Again, the count(DISTINCT department) field is aliased as “Unique departments”. This is the field name that will display in the result set.

Example using GROUP BY

In some cases, you will be required to use a GROUP BY clause with the COUNT function.

For example, you could use the COUNT function to return the name of the department and the number of employees (in the associated department) that make over $25,000 / year.

SELECT department, COUNT(*) as “Number of employees”
FROM employees WHERE salary > 25000
GROUP BY department;

Because you have listed one column in your SELECT statement that is not encapsulated in the COUNT function, you must use a GROUP BY clause. The department field must, therefore, be listed in the GROUP BY section.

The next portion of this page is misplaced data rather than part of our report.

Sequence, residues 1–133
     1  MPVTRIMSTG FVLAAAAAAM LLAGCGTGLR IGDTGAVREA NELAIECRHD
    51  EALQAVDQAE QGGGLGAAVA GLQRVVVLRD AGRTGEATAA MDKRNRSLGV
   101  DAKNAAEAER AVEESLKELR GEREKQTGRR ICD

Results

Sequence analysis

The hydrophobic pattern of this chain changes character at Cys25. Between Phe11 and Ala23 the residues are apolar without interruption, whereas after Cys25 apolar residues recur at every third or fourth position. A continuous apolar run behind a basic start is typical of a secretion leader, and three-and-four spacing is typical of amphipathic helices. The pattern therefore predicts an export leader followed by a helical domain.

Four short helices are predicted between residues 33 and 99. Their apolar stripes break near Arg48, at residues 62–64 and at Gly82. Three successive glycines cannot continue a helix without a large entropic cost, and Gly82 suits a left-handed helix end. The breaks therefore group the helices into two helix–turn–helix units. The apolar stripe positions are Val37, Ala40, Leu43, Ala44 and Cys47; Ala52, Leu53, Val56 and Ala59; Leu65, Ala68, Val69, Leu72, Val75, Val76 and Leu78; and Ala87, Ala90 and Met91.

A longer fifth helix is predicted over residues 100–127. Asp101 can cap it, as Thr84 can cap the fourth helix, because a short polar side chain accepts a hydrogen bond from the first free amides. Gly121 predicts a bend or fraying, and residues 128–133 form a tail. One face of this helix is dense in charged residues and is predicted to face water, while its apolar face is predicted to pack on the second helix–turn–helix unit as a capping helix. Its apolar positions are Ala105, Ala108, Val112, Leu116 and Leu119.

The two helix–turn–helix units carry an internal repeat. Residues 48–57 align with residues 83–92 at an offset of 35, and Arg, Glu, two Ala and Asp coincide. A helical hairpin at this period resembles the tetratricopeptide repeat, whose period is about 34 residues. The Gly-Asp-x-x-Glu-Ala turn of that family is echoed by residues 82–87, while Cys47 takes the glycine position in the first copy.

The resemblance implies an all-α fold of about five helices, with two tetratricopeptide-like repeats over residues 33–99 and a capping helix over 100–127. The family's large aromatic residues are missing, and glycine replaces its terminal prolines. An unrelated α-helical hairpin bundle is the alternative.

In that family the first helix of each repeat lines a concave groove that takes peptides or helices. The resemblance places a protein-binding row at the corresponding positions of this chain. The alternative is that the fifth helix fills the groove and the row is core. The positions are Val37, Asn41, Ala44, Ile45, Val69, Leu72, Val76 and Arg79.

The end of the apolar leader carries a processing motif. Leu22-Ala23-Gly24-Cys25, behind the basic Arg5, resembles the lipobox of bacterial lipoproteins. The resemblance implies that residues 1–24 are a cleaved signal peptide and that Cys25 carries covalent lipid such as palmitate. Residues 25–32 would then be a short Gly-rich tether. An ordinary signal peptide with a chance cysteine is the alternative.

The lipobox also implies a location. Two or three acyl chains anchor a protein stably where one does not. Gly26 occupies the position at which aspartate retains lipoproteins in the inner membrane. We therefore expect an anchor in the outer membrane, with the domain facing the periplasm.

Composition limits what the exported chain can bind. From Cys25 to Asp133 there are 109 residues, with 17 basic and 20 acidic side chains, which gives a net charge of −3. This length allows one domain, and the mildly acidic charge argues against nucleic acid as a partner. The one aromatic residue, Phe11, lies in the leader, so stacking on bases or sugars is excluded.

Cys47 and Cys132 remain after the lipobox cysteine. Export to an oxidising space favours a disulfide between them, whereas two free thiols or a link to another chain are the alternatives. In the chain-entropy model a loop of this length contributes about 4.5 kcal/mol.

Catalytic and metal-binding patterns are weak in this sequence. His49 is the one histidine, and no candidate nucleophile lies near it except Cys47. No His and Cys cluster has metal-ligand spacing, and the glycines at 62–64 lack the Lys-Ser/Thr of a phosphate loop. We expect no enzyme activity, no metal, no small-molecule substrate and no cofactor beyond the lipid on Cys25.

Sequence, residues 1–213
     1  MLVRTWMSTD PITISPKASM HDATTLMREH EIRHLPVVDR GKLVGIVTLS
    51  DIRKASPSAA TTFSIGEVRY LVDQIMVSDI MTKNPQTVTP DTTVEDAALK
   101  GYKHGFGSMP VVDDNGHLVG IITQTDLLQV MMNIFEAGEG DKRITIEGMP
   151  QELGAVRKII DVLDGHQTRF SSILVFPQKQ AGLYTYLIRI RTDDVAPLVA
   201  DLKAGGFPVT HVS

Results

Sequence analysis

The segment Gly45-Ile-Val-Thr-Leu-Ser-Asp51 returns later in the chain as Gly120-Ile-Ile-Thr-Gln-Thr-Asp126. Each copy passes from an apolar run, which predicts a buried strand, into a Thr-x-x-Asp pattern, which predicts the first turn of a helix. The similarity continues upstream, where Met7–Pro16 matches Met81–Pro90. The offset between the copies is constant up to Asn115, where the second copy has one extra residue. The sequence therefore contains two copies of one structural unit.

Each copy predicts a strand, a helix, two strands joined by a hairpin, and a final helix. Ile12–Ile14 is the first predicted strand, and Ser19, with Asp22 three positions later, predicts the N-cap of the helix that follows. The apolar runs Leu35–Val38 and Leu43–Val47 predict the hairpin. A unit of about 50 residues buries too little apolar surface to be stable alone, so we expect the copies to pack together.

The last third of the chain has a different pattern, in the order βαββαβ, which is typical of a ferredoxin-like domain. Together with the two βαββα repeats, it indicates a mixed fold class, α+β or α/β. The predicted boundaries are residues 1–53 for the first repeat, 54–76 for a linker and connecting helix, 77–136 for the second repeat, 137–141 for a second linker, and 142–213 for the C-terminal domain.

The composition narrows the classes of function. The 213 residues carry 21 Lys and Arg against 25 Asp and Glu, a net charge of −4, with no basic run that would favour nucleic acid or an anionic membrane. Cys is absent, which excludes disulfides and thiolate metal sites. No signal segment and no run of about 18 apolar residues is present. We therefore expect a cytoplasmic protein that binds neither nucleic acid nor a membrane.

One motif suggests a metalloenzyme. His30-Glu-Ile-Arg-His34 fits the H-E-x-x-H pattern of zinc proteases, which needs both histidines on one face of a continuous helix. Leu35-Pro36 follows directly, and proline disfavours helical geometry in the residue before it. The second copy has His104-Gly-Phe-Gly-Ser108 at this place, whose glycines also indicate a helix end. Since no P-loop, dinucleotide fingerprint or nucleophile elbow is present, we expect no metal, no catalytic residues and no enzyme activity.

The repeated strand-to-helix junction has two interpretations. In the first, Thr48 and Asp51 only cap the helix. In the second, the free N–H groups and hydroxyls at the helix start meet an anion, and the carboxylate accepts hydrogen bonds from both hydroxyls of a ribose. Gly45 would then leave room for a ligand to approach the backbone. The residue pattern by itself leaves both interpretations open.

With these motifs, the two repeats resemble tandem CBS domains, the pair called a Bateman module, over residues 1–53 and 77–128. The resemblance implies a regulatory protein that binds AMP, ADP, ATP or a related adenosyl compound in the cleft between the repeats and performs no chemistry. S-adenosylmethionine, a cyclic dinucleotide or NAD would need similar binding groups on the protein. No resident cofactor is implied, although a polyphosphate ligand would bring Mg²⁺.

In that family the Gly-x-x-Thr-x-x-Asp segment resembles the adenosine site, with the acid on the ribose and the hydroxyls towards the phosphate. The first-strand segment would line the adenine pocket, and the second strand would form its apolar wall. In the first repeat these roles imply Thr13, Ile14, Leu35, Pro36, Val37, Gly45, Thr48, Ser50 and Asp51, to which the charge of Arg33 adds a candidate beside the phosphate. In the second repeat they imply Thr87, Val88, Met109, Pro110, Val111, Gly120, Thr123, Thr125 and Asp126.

TIP: Performance Tuning

Since the COUNT function will return the same results regardless of what NOT NULL field(s) you include as the COUNT function parameters (ie: within the brackets), you can change the syntax of the COUNT function to COUNT(1) to get better performance as the database engine will not have to fetch back the data fields.

For example, based on the example above, the following syntax would result in better performance:

SELECT department, COUNT(1) as “Number of employees”
FROM employees WHERE salary > 25000
GROUP BY department;

Now, the COUNT function does not need to retrieve all fields from the employees table as it had to when you used the COUNT(*) syntax. It will merely retrieve the numeric value of 1 for each record that meets your criteria.